Do Not Turn On or Off Lights – Avoid turning on or off any lights, as the switches can also cause sparks.
Do Not Start or Turn Off Vehicles – Do not start or turn off any vehicles near the suspected gas leak. Because it can also trigger ignition and create sparks.
Prevent Flames and Ignition Sources – You should douse any open flames, such as candles or cigarettes. Avoid using matches or lighters.
Signs of Gas Leaks
Gas leaks can be incredibly dangerous if you leave them unchecked. This can lead to carbon monoxide poisoning, explosions, and fires.
But thankfully, there are often clear warning signs that point to a leak. Here are some of them.
It’s one of the first symptoms of gas leak exposure. You may suddenly feel breathing difficulty, chest tightness, wheezing, or a chronic cough. This can also lead to headaches, dizziness, and flu-like symptoms. If multiple people in a home feel the same way, a gas leak could be the cause.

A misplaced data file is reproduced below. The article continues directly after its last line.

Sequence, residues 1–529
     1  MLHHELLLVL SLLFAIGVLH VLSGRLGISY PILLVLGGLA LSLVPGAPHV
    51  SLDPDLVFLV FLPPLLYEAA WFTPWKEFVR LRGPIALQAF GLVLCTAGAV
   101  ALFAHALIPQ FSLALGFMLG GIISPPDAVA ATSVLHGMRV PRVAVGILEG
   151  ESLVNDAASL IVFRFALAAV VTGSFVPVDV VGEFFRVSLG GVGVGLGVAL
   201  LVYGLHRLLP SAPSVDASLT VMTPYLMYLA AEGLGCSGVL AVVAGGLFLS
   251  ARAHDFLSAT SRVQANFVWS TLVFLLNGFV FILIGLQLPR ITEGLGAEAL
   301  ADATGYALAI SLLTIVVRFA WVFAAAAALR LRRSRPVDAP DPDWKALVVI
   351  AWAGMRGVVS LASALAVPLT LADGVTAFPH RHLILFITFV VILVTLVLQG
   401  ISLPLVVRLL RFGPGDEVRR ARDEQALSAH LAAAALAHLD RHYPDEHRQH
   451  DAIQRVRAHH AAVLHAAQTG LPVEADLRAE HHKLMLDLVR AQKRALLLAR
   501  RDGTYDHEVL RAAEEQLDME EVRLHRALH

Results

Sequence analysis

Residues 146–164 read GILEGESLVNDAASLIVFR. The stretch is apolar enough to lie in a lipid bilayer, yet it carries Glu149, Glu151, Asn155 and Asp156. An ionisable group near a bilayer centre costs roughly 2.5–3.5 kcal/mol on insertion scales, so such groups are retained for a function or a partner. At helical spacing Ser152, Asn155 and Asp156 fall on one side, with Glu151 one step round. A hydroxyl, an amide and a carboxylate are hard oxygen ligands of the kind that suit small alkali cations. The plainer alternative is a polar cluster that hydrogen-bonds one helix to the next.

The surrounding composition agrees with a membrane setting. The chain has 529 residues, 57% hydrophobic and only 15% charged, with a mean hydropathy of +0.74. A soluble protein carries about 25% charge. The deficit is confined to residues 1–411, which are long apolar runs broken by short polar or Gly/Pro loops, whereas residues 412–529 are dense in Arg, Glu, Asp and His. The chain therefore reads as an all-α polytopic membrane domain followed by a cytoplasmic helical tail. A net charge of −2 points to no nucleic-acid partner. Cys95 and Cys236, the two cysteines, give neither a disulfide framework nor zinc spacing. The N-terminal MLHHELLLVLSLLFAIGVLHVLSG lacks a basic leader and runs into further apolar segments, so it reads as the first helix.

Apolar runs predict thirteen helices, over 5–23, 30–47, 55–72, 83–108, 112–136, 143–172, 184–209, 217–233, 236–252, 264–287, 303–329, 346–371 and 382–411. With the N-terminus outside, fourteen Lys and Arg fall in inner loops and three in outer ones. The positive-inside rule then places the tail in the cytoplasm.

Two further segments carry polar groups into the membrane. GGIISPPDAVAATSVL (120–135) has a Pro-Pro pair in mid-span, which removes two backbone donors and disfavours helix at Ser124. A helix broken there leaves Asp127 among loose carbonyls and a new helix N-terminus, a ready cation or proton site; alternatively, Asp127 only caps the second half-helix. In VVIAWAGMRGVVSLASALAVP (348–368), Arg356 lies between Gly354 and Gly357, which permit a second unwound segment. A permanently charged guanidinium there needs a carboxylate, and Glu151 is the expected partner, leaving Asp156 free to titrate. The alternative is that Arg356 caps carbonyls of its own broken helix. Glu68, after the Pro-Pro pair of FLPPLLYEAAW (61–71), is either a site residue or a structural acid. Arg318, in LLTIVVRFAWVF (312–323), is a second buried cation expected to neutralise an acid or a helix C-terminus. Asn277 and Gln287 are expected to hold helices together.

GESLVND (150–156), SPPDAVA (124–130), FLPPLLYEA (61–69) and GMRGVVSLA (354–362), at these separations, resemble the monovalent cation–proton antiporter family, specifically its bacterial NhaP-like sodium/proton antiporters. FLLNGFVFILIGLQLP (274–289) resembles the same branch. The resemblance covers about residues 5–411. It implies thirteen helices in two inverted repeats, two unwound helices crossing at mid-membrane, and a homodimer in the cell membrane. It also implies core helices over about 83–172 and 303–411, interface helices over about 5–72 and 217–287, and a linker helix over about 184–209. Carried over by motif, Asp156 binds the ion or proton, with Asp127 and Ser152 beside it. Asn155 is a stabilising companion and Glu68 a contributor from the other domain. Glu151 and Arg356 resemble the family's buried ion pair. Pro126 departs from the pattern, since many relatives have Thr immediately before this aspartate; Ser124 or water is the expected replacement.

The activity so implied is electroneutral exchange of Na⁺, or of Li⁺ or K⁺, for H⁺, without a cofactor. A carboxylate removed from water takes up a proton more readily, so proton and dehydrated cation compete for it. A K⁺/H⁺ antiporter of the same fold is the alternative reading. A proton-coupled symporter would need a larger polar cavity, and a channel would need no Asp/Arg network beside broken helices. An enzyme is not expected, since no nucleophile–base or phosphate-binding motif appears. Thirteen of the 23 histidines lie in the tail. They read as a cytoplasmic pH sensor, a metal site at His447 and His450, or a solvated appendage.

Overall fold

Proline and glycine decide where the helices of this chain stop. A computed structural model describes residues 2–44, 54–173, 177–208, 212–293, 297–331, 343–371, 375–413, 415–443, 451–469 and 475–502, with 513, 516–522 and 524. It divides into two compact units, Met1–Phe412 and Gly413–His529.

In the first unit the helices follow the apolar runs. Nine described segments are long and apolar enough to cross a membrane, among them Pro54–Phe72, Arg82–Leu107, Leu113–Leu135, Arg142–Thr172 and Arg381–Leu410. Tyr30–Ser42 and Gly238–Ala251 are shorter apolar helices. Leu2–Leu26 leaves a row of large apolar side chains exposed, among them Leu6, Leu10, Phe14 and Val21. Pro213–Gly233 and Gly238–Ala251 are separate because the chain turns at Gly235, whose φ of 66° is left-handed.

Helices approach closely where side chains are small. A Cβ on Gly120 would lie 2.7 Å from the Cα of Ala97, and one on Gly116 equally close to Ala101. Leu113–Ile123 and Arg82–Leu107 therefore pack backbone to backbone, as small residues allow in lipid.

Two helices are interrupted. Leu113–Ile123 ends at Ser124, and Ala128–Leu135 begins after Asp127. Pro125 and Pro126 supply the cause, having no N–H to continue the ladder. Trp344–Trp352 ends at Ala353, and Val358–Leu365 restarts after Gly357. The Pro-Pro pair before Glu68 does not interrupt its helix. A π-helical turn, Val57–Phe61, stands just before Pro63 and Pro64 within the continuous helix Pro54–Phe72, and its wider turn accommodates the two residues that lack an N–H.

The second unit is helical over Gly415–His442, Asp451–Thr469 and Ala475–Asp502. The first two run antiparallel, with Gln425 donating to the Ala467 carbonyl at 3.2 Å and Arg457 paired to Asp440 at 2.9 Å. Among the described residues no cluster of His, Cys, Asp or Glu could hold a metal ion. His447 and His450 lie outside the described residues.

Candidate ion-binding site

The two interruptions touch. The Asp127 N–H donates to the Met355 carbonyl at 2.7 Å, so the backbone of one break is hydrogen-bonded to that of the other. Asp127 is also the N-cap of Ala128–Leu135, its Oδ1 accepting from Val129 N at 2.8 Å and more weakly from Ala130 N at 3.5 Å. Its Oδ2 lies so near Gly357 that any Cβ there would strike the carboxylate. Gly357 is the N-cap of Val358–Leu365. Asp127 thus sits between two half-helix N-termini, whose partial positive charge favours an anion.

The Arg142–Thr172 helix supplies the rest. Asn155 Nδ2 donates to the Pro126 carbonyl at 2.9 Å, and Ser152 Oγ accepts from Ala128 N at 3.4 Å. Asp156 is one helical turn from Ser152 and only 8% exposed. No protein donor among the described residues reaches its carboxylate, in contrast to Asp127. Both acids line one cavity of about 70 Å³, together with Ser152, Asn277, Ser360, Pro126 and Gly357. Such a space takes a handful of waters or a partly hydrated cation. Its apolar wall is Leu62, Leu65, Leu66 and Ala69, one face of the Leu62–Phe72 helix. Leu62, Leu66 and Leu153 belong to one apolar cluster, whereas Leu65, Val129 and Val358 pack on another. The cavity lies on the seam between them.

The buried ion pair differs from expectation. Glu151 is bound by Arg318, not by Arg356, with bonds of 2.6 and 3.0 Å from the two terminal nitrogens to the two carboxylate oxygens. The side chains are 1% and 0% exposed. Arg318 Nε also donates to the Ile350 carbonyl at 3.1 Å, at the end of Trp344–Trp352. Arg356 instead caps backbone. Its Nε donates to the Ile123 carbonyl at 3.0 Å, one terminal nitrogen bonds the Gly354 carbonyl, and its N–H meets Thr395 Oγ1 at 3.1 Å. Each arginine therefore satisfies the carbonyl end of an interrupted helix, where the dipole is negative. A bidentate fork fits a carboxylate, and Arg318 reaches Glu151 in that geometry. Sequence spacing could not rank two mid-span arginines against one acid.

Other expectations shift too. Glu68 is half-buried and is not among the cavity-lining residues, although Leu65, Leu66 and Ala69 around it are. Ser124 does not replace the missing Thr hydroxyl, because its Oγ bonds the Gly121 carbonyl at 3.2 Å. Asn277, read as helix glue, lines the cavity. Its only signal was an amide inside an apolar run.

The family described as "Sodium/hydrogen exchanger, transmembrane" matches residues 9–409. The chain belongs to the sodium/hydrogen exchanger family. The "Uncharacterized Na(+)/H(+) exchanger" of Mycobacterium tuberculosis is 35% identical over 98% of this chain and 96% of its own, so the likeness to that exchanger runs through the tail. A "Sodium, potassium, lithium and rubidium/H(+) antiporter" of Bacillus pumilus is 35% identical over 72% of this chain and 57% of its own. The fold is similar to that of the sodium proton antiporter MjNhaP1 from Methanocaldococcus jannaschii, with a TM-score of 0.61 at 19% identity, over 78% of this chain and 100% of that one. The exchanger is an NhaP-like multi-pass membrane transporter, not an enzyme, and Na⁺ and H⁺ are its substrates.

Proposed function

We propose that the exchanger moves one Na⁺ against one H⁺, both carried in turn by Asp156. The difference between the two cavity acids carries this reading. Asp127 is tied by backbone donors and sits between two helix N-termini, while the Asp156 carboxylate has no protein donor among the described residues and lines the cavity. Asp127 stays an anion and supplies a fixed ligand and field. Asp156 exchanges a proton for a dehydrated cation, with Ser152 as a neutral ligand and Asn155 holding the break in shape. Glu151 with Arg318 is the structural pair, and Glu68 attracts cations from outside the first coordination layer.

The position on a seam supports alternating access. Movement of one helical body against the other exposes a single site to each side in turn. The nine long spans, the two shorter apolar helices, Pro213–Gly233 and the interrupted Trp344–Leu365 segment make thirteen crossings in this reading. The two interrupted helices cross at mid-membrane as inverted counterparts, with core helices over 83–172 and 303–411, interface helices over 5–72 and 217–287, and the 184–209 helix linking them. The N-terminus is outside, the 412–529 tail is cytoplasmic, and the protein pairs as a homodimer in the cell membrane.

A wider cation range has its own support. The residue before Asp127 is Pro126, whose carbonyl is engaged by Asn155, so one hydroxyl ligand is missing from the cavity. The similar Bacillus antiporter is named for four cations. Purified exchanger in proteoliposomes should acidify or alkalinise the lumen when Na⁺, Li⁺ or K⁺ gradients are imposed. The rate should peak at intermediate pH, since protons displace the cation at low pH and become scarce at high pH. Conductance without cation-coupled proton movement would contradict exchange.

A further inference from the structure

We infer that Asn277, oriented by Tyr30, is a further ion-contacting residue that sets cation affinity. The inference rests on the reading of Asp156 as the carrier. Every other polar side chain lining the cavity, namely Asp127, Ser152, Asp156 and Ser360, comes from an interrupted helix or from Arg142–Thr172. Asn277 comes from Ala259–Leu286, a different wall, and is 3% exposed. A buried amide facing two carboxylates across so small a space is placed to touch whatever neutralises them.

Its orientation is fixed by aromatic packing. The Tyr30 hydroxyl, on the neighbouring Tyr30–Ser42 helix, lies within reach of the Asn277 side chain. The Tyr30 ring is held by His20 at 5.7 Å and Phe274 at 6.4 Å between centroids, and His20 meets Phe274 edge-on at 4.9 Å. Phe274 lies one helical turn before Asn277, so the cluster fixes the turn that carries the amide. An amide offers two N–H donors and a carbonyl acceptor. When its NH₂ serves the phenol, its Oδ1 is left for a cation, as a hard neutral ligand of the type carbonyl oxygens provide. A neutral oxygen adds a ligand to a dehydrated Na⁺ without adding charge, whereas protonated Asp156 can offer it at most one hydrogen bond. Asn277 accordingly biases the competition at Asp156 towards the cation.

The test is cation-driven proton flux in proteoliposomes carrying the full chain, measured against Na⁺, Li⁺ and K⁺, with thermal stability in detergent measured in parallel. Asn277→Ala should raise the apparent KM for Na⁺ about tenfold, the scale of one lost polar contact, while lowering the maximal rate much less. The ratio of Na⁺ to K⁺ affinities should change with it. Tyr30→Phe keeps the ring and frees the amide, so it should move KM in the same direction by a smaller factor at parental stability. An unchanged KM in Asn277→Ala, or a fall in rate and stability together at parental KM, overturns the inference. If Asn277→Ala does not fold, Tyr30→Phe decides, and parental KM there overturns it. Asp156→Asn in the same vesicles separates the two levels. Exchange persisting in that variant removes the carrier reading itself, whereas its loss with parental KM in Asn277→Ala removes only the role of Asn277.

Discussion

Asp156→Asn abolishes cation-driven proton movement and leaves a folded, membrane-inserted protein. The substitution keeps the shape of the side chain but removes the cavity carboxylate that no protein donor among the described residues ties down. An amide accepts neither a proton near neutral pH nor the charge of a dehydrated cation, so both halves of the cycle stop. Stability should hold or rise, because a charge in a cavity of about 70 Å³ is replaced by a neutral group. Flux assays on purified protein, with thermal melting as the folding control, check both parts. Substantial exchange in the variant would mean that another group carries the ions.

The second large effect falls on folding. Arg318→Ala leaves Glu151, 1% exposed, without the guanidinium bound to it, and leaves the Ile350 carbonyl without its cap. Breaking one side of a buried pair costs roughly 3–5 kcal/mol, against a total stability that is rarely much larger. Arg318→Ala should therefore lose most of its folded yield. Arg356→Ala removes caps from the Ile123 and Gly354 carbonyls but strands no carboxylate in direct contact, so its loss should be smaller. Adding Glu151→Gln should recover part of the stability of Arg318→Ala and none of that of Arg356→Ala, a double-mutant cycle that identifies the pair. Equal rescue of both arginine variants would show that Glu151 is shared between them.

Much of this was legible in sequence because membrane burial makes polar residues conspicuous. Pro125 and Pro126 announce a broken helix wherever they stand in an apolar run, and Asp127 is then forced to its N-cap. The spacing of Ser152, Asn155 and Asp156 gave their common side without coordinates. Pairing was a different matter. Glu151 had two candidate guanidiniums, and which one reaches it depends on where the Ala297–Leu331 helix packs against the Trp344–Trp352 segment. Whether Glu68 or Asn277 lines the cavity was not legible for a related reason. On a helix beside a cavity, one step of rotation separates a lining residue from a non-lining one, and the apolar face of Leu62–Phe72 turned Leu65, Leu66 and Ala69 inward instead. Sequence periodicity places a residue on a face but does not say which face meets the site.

Headaches or Nausea
Inhaling fumes from a gas leak can trigger headaches, nausea, drowsiness, and fatigue. These symptoms can develop suddenly and for no clear reason.
Visible Damage to a Gas Line
You should look for obvious signs of damage around gas piping and appliances. If there are any cracks, holes, or loose fittings, that shows a gas leak.
Suddenly Dying Houseplants
Plants need oxygen to survive. If your houseplants start dying off for no reason, there could be leaking gas. That is reducing oxygen levels indoors.
The Bottom Line
Quick gas leak detection is important for your health and safety. Minor leaks can allow toxic gasses like carbon monoxide to enter your home silently. On the other hand, the major leaks bring risks of explosion and fire.
You should try these DIY methods we discussed to detect a gas leak. Also, give a shot at the precautions for stopping those gas leaks. Scroll through our blog section to learn more about inspections.